Genotoxic effects of occupational exposure in the peripheral blood lymphocytes of pesticide preparing workers in Hungary.

J. Major, G. Kemény, A. Tompa

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Venous blood samples of 240 donors including 33 industrial and 60 historical controls were investigated in order to assess the genotoxic risk of pesticide preparing workers manufacturing monochlorinated benzene in Hungary. Mutation frequencies were determined in the hypoxanthine-(guanine)-phosphoribosyl transferase genes located on the X chromosome. DNA repair capacity was estimated following hydroxyurea treatment with subsequent UV irradiation of separated lymphocytes. Smoking as confounding factor of genotoxicity was also taken into consideration. Mutation frequencies were increased among the workers exposed to monochlorinated benzene in correlation with the duration of working time, compared to the controls. Mutation frequencies were lower than expected among non-smoker, long-exposed workers. Smoking itself proved to be an effective confounding factor in the enhancement of point mutations in the case of long-exposed workers. Smoking, however, caused no significant increase in the mutation frequency among the controls, and did not influence the DNA repair capacity of any of the groups.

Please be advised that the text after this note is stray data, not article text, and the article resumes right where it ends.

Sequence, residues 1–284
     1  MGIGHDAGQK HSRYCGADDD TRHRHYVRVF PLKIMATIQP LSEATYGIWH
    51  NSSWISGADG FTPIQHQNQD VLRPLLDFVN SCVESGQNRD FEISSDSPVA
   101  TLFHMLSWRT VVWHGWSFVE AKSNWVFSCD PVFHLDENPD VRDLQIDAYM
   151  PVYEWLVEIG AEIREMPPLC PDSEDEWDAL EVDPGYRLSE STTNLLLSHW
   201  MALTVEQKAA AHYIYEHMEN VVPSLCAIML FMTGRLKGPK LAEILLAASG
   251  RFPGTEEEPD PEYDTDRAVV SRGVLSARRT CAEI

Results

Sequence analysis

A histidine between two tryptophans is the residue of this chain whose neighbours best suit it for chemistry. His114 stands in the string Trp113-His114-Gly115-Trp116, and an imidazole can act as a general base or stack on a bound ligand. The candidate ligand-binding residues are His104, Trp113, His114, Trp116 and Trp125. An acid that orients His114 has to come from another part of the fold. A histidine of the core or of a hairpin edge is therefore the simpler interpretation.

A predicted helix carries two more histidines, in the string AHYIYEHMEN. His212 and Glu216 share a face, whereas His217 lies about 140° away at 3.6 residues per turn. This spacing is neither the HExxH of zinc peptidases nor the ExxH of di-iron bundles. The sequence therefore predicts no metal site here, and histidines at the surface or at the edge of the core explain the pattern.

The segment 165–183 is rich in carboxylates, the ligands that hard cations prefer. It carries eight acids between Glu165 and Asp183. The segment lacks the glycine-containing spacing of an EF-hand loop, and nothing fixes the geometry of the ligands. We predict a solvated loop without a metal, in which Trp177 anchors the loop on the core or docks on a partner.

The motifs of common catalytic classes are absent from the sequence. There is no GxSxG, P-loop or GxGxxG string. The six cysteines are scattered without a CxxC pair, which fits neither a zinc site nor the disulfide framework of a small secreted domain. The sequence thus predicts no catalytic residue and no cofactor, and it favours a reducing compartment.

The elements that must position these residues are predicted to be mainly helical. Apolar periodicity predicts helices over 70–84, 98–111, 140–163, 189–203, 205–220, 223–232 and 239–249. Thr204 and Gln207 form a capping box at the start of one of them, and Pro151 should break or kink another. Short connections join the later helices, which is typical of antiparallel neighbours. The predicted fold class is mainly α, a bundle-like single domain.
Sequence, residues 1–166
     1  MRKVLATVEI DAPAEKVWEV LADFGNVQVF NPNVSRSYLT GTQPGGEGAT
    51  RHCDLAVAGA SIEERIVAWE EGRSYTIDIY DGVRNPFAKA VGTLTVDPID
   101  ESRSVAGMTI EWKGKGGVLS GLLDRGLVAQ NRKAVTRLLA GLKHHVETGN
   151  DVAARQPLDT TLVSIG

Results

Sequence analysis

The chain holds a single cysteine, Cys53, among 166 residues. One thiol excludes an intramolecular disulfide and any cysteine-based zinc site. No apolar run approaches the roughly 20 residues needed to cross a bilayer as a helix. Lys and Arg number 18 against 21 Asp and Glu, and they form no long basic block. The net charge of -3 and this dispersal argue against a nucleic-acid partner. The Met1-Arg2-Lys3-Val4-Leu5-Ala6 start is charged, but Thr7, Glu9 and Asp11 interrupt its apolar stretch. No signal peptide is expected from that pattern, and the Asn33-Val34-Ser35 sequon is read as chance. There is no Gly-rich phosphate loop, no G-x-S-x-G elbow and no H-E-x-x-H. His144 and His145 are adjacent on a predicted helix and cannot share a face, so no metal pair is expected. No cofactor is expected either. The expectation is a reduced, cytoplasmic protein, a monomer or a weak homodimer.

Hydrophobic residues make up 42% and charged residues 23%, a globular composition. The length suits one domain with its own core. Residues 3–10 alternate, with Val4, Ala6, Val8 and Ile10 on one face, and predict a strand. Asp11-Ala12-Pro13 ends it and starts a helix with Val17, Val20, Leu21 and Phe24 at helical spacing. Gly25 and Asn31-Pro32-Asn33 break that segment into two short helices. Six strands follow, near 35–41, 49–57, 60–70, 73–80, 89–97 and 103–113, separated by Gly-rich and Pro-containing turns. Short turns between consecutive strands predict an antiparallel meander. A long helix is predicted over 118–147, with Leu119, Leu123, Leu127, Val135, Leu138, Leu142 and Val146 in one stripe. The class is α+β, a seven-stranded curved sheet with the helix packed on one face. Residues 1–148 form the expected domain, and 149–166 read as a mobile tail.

Original languageEnglish
Pages (from-to)79-90
Number of pages12
JournalActa medica Hungarica
Issue number1-2
Publication statusPublished - jan. 1 1992


ASJC Scopus subject areas

  • Medicine(all)

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